Final Push to Ban Shark Fins in California, Victory is Near!
Posted by Ming Ong, STRP Intern on September 8th, 2011
I was thrilled to learn of the latest victory in the campaign to halt the cruel practice of shark finning. As an intern with the Sea Turtle Restoration Project of the Turtle Island Restoration Network, one of my assignments has been to work to support AB 376, which bans the sale, purchase or possession of shark fins in the state of California. Yesterday, it passed the Senate floor on a bipartisan 25-9 vote, and now goes to the Governor Jerry Brown’s office for a signature. Brown has 12 days from the time it reaches his desk to sign or veto the measure. Since he has not indicated publicly whether he intends to sign the bill or not, I am now focusing my efforts on outreach to his office and encouraging our members to join me.
Click here to take action now and send an email to Governor Jerry Brown urging him to sign AB 376 into law!
STRP members sent 817 email messages and made countless phone calls directly to their Senators in support of AB 376. In our office we made many phone calls to Sacramento and sent a hand-written letter to our Senator via overnight mail last week prior to the final vote. It is always encouraging to see this hard work pay off.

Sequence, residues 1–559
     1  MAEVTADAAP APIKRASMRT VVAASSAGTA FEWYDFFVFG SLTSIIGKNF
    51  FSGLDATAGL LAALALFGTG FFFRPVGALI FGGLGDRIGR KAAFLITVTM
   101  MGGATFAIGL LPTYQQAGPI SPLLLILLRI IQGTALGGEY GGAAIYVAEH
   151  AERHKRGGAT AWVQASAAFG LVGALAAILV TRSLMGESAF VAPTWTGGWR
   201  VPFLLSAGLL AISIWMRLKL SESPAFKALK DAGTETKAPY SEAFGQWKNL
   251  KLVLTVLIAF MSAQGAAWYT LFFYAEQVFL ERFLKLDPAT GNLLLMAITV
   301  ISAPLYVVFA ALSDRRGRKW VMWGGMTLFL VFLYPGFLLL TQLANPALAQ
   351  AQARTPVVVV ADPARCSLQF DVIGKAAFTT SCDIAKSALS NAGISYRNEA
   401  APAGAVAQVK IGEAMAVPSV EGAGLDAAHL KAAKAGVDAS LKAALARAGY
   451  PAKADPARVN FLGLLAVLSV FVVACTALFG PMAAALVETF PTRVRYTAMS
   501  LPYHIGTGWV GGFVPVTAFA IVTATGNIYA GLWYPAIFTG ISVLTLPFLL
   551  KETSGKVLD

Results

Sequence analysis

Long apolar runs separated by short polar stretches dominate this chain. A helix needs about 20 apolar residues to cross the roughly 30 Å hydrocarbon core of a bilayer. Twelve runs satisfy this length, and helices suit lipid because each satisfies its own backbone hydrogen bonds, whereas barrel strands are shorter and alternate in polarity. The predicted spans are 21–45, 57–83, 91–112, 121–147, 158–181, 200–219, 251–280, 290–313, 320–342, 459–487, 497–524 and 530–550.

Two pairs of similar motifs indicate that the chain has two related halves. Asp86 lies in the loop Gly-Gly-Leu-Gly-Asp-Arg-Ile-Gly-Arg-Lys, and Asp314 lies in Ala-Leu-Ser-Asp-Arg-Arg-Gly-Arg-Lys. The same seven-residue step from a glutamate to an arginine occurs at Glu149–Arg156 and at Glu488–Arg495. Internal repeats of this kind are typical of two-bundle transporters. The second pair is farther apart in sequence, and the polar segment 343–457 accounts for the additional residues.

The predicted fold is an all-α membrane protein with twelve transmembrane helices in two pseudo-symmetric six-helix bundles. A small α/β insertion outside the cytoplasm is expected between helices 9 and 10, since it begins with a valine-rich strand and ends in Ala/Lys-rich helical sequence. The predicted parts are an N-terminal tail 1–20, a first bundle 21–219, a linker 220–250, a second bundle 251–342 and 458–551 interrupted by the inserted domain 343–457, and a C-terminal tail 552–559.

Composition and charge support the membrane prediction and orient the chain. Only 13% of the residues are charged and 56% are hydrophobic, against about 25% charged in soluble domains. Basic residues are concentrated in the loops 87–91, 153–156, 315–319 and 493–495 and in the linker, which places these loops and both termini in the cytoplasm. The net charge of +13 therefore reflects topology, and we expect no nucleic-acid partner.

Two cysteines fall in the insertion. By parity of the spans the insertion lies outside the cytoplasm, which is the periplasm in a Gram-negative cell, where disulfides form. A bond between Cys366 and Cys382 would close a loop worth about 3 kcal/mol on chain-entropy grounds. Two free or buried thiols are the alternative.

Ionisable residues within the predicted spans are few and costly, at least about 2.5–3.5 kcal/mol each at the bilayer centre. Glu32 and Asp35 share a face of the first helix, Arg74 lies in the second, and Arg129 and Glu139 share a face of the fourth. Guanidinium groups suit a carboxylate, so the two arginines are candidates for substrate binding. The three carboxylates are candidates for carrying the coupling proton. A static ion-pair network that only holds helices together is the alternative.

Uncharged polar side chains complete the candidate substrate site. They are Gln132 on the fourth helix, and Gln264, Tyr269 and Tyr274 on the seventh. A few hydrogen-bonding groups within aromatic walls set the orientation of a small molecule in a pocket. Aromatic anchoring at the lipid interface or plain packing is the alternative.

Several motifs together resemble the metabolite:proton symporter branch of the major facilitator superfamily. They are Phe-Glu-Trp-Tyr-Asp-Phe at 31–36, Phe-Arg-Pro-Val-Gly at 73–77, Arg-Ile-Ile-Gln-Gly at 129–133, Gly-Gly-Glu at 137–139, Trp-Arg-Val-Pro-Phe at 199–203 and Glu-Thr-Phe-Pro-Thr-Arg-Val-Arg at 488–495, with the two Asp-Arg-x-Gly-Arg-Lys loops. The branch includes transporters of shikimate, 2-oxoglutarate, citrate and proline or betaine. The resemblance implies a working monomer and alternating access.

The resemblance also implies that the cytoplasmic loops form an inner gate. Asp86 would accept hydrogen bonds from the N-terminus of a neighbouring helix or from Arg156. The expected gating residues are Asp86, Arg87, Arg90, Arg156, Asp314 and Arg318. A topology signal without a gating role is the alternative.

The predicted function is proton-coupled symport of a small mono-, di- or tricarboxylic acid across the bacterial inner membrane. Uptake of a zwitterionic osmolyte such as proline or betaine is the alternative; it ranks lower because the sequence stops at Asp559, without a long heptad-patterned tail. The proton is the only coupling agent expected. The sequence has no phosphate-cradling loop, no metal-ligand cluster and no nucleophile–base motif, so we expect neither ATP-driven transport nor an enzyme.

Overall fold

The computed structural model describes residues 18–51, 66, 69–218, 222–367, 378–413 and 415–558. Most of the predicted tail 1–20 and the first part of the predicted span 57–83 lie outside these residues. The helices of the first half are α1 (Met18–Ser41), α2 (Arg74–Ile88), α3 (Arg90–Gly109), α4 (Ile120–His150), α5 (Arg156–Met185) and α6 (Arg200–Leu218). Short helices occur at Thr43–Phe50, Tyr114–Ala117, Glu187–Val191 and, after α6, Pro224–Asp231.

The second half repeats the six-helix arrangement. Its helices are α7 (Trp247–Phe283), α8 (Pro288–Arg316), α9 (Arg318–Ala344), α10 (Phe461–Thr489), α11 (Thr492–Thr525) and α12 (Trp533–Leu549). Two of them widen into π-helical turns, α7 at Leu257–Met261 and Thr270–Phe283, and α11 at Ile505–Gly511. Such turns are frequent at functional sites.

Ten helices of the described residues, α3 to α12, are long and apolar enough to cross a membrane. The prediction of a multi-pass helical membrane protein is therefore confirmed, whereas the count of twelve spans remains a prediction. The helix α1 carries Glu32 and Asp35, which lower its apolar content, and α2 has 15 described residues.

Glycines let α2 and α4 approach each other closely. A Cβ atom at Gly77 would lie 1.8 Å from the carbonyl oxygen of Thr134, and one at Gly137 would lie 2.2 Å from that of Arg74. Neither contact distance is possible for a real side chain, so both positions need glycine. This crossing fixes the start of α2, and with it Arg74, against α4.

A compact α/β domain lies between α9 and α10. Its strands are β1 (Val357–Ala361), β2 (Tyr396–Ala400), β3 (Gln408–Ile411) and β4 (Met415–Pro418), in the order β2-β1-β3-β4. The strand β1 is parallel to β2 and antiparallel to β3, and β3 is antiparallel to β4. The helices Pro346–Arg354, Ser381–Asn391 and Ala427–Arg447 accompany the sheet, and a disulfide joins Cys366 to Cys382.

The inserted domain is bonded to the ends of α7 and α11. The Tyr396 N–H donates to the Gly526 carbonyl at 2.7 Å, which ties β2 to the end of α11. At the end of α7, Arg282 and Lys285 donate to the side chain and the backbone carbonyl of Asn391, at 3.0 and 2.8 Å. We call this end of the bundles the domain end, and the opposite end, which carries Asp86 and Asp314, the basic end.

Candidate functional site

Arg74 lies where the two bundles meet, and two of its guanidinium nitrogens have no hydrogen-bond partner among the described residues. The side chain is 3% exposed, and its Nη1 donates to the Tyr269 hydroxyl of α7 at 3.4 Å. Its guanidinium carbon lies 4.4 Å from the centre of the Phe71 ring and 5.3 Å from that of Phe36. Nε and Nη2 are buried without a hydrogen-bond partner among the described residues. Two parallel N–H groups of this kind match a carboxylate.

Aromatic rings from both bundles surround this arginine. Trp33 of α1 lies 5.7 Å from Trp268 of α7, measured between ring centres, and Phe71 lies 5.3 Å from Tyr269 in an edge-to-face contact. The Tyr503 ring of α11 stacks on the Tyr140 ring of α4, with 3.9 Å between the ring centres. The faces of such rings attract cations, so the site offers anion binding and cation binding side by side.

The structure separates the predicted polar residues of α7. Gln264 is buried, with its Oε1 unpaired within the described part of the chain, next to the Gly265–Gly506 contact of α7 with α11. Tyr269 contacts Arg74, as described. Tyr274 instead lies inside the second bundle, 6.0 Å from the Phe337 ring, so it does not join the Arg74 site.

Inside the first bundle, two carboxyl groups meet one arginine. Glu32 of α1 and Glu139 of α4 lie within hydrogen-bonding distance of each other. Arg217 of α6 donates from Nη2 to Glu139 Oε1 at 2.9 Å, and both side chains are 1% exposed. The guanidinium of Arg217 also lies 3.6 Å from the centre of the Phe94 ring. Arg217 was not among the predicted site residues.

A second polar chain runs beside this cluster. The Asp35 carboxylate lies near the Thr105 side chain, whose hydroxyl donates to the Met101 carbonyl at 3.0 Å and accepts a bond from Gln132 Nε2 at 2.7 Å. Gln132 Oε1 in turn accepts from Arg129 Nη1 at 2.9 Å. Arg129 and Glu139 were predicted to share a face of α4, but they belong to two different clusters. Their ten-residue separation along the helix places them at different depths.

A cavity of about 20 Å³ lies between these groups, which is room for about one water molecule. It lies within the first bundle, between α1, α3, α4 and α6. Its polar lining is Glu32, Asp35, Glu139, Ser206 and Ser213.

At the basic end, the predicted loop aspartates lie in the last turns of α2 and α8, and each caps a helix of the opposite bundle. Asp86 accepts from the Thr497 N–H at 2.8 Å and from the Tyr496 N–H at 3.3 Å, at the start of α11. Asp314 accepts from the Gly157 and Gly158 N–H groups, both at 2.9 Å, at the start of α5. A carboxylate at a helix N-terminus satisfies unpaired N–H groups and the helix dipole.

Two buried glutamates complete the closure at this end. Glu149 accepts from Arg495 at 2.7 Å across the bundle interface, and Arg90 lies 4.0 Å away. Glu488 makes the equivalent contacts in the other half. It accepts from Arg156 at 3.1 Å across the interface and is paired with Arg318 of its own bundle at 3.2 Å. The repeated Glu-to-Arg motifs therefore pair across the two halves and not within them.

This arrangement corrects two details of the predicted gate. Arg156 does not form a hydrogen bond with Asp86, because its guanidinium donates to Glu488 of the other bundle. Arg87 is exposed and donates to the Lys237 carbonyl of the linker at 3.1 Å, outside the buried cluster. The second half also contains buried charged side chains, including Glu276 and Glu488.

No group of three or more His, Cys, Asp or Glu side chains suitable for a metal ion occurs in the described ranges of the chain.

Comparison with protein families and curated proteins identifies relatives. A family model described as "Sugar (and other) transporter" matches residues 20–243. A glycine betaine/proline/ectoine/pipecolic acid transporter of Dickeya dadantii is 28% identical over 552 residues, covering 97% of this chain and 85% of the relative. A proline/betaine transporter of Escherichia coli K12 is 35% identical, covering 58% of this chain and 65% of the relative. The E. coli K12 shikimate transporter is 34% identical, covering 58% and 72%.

The AB 376 bill was supported by many ocean conservation groups, including the Sea Turtle Restoration Project, as a way to help end the cruel practice of shark finning, which is largely the cause of the drastic decline of shark populations worldwide. AB 376 supporters, including actors Leonardo DiCaprio and Bo Derek, emphasize that our ocean’s apex predators play a crucial role in the health of our ecosystems and are thus, important to conserve and protect. Time Magazine describes the practice of shark finning to be “wasteful, cruel and, most significantly unsustainable for the ocean ecosystems as it threatens to deplete the numbers of these top predators and spoils the natural balance of the seas. According to The Washington Post, activists have begun pushing for shark fin bans across the U.S. in an effort to combat the global shark fin trade, which scientists estimate kills between 26 million and 73 million sharks each year.
Many of those that opposed the bill claimed that it is an attack on Asian culture and cuisine, as shark fins are the key ingredient for shark fin soup, a Chinese delicacy. But, when one of China’s most famous celebrities, Yao Ming, is also in support of banning shark finning and ending the cultural use of shark fin soup, it is clear that not all Chinese are heartless shark-killers.